Anyhow, if I start getting spam to an address, and its content is unrelated to the site/business where I used the address, something is amiss. If it’s a biz/site I don’t care about, I just kill that address. However, when it’s a biz I care about, I let them know. I’m a canary in a coal mine. But much larger, and figuratively in email databases instead of literally in a coal mine. I also lack feathers.

Most of the time these businesses are thankful when I have an opportunity to act as an email canary. They listen. I tell them, “I don’t know how it happened, but somebody got into your database. I don’t know what they didn’t get, (credit cards? social security number?) but I can tell you that they for sure have your email list.”

How did somebody get our database?

There are three likely routes:

  • One of your employees or contractors grabbed it and sold it or is using it themselves.
  • Somebody hacked into your system and stole it.
  • A computer/laptop with your db and/or email list got infected with malware, which then sent the list to its devious hacker makers.

There are other options, but those three methods account for the vast majority of email leak incidents.

Why oh why is he blogging about this?

Cheapodrugs.com. I used ’em. …And while I still sometimes use Canadian pharmacies for my sweet, sweet drugs, I haven’t used Cheapo Drugs in a few years.

How strange then, that a little over a week ago I started receiving emails to the address I only gave to Cheapo Drugs. Within these emails I’m encouraged to use a coupon code to save on drugs at safemedspills by clicking on a tinyurl.com link. Nope. Not. Clicking. That.

What’s worse, the email contained evidence that the spammers also have access to other Cheapo Drugs’ clients’ information. (Full name, address, etc.)

I emailed Cheapo Drugs and let them know what had happened and shared with them the three possibilities (see above). In their reply, Cheapo Drugs confirmed that, shocker, they had not sent me the spam emails. The only other substance in their missive was, “We guarantee our patients that we do not sell their information to any phishing websites.” …I never said that you sold your address list. Idiots.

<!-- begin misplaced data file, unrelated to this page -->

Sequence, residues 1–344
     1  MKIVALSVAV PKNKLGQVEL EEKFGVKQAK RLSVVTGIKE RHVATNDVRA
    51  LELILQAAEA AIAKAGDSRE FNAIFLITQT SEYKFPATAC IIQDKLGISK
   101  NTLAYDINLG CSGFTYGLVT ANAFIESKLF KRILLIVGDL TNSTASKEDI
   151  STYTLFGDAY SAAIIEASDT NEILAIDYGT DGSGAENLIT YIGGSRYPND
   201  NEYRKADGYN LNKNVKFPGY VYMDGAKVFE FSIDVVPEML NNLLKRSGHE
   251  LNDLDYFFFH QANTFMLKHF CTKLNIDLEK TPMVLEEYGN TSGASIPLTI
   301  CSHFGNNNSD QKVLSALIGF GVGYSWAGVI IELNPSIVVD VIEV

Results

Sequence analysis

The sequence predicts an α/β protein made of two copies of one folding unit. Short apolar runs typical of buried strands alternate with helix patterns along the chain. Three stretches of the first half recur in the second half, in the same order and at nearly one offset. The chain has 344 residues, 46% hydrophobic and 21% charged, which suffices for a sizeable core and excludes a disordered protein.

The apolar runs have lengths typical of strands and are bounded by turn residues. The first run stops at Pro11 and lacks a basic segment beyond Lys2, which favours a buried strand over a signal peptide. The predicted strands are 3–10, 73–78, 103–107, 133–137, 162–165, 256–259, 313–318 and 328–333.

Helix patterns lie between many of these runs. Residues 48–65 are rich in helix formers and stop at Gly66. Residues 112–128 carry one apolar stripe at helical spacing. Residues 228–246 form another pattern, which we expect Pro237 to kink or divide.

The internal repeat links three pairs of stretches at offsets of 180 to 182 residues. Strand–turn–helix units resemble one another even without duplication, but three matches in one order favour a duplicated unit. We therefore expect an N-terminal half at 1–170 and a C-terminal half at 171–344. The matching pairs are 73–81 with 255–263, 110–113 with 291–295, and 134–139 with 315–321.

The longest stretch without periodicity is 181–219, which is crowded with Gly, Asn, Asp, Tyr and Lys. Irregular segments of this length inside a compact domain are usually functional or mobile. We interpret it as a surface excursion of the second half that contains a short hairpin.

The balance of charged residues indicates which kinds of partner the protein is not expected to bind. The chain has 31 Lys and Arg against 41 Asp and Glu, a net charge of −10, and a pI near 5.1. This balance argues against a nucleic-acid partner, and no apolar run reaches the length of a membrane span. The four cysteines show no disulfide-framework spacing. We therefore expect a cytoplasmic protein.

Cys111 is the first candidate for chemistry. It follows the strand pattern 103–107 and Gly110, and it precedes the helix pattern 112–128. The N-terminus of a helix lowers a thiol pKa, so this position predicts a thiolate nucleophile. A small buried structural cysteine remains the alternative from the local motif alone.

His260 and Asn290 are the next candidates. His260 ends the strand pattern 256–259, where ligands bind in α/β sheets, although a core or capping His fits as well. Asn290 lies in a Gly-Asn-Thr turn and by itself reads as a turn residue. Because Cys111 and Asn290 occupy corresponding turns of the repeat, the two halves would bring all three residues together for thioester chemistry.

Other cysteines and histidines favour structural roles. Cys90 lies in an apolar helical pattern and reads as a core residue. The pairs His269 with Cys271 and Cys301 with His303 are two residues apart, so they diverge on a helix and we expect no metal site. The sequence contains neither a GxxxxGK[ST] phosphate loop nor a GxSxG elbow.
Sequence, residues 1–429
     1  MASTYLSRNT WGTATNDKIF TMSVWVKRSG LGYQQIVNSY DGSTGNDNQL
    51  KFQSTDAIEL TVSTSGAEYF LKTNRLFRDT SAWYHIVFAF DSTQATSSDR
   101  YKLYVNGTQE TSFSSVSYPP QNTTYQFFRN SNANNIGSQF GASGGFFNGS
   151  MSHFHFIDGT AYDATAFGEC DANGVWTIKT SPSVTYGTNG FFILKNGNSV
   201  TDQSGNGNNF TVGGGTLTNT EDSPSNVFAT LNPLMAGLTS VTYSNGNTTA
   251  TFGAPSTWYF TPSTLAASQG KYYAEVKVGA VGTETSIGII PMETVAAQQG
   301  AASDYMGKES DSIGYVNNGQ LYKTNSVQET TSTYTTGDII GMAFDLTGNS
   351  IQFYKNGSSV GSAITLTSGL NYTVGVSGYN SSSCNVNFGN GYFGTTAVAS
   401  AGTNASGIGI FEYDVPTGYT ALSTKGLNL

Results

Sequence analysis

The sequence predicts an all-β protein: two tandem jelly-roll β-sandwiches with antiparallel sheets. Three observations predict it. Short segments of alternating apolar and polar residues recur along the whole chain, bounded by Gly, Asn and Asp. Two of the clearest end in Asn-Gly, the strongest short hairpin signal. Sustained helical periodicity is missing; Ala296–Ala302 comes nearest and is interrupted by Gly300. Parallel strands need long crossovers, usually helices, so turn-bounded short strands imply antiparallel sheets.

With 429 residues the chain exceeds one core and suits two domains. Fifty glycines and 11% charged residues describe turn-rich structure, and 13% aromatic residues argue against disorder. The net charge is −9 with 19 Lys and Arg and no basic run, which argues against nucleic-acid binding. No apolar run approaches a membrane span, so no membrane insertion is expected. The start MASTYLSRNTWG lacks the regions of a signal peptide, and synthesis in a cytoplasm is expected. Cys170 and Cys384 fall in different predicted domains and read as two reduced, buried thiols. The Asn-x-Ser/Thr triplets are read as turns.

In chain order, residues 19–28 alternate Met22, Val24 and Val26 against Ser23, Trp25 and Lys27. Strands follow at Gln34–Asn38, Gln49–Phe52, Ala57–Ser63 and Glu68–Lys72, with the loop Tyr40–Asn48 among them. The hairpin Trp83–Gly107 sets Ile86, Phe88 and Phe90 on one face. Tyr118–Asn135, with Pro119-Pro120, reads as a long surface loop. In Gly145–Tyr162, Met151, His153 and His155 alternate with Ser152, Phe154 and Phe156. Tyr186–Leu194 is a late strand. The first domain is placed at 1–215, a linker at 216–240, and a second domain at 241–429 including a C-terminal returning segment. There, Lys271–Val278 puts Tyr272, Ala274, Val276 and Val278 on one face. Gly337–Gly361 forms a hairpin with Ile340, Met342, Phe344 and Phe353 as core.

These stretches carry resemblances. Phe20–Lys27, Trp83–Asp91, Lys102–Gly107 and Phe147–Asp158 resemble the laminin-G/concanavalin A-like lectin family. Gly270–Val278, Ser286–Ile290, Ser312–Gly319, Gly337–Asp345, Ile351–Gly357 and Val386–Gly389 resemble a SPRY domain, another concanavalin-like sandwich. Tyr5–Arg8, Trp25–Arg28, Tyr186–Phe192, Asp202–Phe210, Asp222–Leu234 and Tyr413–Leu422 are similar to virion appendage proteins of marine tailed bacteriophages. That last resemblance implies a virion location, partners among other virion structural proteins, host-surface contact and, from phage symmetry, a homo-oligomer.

I went back and forth with Cheapo Drugs customer support a few more times trying to help them understand, but was met with a stonewall of non-customer-service. I even called and talked to somebody. I’ll spare you the frustrating details and summarize: Cheapo Drugs does not take proof of a database leak seriously. What to do?

Reporting a pharmacy to CIPA

I contacted CIPA, the Canadian International Pharmacy Association. Let’s see if CIPA takes this more seriously than Cheapo Drugs. …It would be hard not to. I’ll report back.

Sidenote: Now that Gmail’s spam filtering is so on fleek, I’ve considered using my gmail address more, in lieu of the system above. However, doing so isn’t as secure as using a different address for every site. Especially if you use the same password for multiple websites. Natch, I use unique passwords for each site, too. hashtag: nerd.

#DumpDrumpf

7 May

Here’s the thing. The Drumpf movement is just making fun of somebody’s name that changed when they immigrated to the United States. I have many friends with “weird” names, or whose Americanized/Anglicized names aren’t the names their ancestors had a few generations ago. Should we make fun of their names? Are they worth less because of their idiotic names?

It was suggested to me that the Drumpf movement had something to do with illustrating how crappy Trump’s stance on immigration is. I’ve never heard anyone suggest that subtext until yesterday while trying to defend “the movement”. …And the connection certainly never came up in the original John Oliver segment.

When John Oliver dug up Drumpf, he was looking for laughs, and a way to debase Donald Trump. There are so many better ways to poke at that asshole. It’s akin to birthers “making fun” of Barack Obama because of his name. Is that the best they’ve got?!

I will not defend Donald Trump’s words or stances, but we Trump detractors can do better than Drumpf.

It’s in the last three minutes of this segment. The previous 20 minutes are great.

The ABCs of SEO for 2016

28 Mar

I’ve seen a few articles titled ‘The ABCs of SEO’, but most of them either continue on to the DEFs and trudge all the way through Z, or ditch the metaphor altogether after the headline. Dear SEO reader, that’s not me; I won’t do that to you.

My understanding of “The ABCs” gels with the definition:

plural noun:
the rudiments of a subject.
“the ABCs of emergency heart-lung resuscitation”